Wednesday, July 18, 2007

A comprehensive dissection of MMR scare stories

MMR has back in the news again recently, what with Andrew Wakefield being investigated by the GMC. Wakefield's original paper, asserting a link between MMR and autism, has been pretty convincingly rejected by the scientific community - largely on the basis that his research was being funded by parents of autistic children who had received the MMR jab, and who were trying to build a legal case to claim compensation. This fact places Wakefield's 'research' firmly in the same the same boat as those 'scientific studies' that conclude that smoking isn't bad for you - coincidentally those are the studies funded by the tobacco companies. There were other quite glaring research errors too, there was a good New Scientist article a few years ago on the whole situatiuon.

So it was with some trepidation and disgust that I read the Observers front page a few weeks ago, stating that there was fresh evidence in favour of a link between MMR and autism. Putting aside the fact that this would only be the second study that suggests such a link, disagreeing with the tens of comprehensive, peer-reviewed and statistically significant studies alleging otherwise; AND the fact that the first supportive study (Wakefield's) is thoroughly discredited, even a numpty like me could see that there were several holes in the Observer's story.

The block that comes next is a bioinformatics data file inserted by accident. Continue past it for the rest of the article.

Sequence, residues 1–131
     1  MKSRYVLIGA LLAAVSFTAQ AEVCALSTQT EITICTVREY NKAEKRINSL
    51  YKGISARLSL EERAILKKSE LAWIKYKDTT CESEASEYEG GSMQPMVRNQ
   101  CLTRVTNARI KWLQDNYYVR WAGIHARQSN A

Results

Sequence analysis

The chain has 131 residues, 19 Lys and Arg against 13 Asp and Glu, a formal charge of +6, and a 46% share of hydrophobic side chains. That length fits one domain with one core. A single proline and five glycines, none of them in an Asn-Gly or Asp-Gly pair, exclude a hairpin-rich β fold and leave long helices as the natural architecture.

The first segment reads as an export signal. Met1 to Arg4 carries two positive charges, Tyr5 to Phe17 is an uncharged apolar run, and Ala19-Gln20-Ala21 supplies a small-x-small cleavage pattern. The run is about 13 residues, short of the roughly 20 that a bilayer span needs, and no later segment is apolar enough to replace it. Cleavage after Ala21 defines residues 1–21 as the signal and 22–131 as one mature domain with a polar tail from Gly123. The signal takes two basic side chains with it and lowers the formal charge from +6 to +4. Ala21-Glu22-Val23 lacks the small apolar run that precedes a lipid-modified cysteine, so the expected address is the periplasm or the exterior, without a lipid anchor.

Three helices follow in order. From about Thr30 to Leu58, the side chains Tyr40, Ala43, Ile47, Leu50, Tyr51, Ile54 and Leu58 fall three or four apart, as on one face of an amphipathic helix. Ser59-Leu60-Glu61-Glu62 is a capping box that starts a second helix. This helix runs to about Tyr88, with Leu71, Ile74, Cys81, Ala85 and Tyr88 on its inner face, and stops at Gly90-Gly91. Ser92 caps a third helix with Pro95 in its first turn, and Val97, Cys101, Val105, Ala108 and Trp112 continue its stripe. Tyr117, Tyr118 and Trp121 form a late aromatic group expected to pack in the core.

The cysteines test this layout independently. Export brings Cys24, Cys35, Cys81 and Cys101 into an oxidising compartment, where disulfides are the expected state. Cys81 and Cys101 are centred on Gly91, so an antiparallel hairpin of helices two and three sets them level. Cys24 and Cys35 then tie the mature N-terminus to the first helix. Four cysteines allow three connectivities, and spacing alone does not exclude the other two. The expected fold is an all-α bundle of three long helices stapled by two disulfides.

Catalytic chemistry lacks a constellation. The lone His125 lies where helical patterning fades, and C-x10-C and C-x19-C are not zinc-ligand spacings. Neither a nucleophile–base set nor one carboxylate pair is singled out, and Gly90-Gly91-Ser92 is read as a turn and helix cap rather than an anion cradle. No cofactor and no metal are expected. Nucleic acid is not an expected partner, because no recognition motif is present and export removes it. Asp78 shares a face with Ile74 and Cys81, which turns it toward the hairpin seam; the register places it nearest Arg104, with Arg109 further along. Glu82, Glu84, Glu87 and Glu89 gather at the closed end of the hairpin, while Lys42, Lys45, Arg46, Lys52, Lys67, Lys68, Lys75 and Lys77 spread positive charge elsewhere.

Fortunately, Ben Goldacre, seemingly the only mainstream science journalist who is capable of rational thought, has investigated the new study behind the Observer's front page. Rather unsurpringly, it falls apart under analysis. Ben shows that:

a) the report that the Observer based its story on is neither published nor peer-reviewed

b) the study isn't actually even finished yet, the Observer got it's data from an interim report

c) The Observer cherry picked the most shocking statistic, ignoring the context of the report.

d) The Observer misquotes the lead scientist, Professor Simon Baron Cohen, who has since labelled the Observer's story "inaccurate and scaremongering".

e) The Observer flatly lies about the opinions of a 'leading academic' on the study, Fiona Scott. It says she was 'concerned about the results'. In fact, Scott is considering legal action against the observer for repeatedly lying about her opinion. Her actual opinion is that "I absolutely do not think that the rise in autism is related to MMR." And: "My own daughter is getting vaccinated with the MMR jab on July 17."

f) The other 'leading academic concerned about a link', Carol Stott, is not an academic. She doesn't even work in scientific research. She works in the private clinic of yes, you guessed it, Andrew Wakefield!

Will the Observer publish a front page apology and retraction of their story, which has now been quite comprehensively discredited? Probably not. The sad thing is that last March, a young 13 year-old lad who didn't receive the MMR jab became the first person to die from Measles in Britain for 14 years. Sadly, until the press grow up and start behaving responsibly, that statistic will surely rise.

Sunday, July 01, 2007